Aimee Witteman is the Executive Director for the National Sustainable Agriculture Coalition. This is her first blog post for Farm Aid.
We're arguably seeing a new good food movement taking shape before our eyes—a major shift in public consciousness about where our food comes from and a demand for healthy food that is grown sustainably by family farmers. But this new, beautiful flower isn't rising out of soil that didn't receive tending by many hands over many years. Long before we read it in Omnivore's Dilemma or saw it in Food, Inc., we heard about it from Farm Aid.
In this, its 24th year, Farm Aid continues to blaze a path, bringing nation-wide attention to the serious challenges facing family farmers and American agriculture, as well as the new opportunities for family farms and the growing consumer demand for good food.
I arrived in St. Louis yesterday morning and for me, Farm Aid events began at an afternoon farmer/advocacy strategy meeting. A group of farmers, researchers, and advocates gathered at a church in the University District of St. Louis to discuss consolidation and concentration in the livestock and seed markets and the current economic emergency facing dairy farmers.
The first Farm Aid concert coalesced in the 1980s when farmers were being foreclosed on due to plummeting commodity and land prices—the bust after a long boom. Today, family farmers are facing economic circumstances nearly as dire—especially in dairy. The focus of Farm Aid in 2009—and at the farmer/advocacy strategy session I attended yesterday—is the consolidation in livestock, poultry, and seed markets. In short, due to policy choices that can be reversed, more and more family farmers are being pushed out of agriculture because they are squeezed between high input prices for things like seeds and low prices for their agricultural products. The culprits are antitrust laws that have gone un-enforced by the U.S. government. Family farmers are also disadvantaged by chronic loopholes that allow huge farming operations to reap millions of taxpayer dollars every year.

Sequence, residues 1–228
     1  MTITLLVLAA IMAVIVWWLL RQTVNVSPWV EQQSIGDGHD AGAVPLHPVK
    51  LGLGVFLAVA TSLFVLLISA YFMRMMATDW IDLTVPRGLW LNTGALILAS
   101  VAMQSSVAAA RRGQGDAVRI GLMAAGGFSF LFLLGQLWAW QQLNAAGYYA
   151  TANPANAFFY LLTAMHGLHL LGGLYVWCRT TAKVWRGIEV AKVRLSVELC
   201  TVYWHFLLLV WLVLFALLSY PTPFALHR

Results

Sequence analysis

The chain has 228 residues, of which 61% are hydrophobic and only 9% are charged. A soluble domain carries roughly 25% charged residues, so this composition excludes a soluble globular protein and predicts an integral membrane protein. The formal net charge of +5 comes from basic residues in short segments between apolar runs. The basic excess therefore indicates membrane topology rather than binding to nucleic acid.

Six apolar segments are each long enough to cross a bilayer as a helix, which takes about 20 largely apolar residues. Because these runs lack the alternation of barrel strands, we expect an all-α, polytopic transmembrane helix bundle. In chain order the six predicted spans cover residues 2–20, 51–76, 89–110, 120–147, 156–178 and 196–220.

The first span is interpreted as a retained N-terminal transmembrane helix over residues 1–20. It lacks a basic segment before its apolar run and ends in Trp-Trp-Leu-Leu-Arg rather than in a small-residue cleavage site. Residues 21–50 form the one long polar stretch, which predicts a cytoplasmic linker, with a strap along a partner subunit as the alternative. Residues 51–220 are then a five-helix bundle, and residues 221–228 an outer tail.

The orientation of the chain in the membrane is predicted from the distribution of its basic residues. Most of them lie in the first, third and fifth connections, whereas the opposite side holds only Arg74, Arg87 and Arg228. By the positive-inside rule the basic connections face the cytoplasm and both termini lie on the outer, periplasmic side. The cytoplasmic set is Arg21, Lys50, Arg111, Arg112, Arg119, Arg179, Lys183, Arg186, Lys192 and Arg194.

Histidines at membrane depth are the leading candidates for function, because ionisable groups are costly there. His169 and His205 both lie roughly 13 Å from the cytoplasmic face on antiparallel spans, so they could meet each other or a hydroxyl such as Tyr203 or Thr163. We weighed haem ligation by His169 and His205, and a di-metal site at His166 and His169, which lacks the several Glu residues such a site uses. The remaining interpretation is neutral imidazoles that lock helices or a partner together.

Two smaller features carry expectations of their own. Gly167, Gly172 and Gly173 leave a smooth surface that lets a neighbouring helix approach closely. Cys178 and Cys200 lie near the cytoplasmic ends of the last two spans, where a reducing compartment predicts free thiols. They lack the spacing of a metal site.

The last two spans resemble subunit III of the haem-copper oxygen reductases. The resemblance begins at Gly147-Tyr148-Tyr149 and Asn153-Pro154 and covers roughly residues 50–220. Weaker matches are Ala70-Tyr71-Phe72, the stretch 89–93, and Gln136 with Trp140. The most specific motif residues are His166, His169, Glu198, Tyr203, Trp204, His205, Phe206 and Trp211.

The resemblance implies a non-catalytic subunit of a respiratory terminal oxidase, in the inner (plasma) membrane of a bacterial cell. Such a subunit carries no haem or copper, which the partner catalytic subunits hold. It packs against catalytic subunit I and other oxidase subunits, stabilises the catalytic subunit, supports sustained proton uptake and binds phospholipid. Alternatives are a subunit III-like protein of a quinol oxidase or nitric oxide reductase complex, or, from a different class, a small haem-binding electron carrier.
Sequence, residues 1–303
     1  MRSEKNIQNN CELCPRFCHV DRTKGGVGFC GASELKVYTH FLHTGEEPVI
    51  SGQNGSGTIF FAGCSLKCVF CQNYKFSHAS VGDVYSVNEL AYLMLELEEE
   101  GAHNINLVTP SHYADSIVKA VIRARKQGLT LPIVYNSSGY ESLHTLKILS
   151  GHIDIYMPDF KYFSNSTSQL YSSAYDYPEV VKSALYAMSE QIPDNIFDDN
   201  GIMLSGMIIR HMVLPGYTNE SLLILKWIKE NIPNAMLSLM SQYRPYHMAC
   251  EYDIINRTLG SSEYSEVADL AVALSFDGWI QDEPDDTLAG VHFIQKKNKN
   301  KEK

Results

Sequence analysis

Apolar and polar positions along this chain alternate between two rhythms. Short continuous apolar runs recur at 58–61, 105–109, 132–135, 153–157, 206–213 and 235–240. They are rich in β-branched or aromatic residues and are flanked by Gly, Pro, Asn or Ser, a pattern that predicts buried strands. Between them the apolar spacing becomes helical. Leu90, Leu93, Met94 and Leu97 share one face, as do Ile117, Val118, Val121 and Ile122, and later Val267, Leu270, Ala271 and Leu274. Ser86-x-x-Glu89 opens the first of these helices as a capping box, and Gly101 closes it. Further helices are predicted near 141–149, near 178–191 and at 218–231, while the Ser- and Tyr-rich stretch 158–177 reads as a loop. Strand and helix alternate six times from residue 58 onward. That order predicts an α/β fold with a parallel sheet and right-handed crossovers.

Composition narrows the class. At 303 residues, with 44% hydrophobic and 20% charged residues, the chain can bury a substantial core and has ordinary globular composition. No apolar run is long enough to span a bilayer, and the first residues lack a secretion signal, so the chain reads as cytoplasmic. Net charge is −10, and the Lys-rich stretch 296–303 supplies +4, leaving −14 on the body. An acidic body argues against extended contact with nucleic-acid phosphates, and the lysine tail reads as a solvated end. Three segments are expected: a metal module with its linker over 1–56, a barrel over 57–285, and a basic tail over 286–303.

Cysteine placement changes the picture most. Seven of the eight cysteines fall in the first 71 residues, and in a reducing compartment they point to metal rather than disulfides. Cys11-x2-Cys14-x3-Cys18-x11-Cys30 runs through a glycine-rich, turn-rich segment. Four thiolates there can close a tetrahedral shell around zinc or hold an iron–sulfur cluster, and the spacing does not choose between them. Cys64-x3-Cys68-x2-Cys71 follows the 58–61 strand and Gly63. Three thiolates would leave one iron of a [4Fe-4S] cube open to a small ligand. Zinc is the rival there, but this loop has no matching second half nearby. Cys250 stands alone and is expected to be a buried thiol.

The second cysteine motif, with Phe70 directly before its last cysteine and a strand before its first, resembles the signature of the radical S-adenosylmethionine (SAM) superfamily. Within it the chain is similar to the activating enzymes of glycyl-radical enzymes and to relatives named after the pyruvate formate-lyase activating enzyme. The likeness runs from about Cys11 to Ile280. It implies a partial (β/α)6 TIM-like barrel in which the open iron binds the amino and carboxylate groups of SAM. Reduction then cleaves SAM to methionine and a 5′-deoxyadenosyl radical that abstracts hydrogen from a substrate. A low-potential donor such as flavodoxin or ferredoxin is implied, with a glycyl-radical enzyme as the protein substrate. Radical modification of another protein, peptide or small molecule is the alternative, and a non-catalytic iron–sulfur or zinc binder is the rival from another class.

I was lucky enough to get to hear some of my heroes speak passionately to these issues at the strategy sessions—folks like Mary Hendrickson from the University of Missouri, Ken Meter from Crossroads Resource Center, and Rhonda Perry, a family farmer and leader of the Missouri Rural Crisis Center.
But while the structural barriers to a thriving family farming system are severe, I think the theme of this particular Farm Aid weekend is cause for hope. As Neil Young said this morning on stage with family farmers and Deputy Secretary of Agriculture, Kathleen Merrigan at his side, our movement is “too big to fail." We now have opportunities for change that we haven't seen in decades: an Administration that not only wants to address major structural impediments to family farming, including enforcement of anti-trust laws, but also strong interest and political will in rebuilding the infrastructure necessary for local and regional food systems to thrive.
Toward this growing area of opportunity for family farmers and consumers, Deputy Secretary Merrigan discussed on stage the new “Know Your Farmer, Know Your Food" initiative at USDA to raise the profile of federal programs that can be used to do things like make it easier for schools to purchase healthy food from local farms.
Farm Aid is behind both of these initiatives 100% and continues to be a leader in the movement for good food and fairness for family farmers.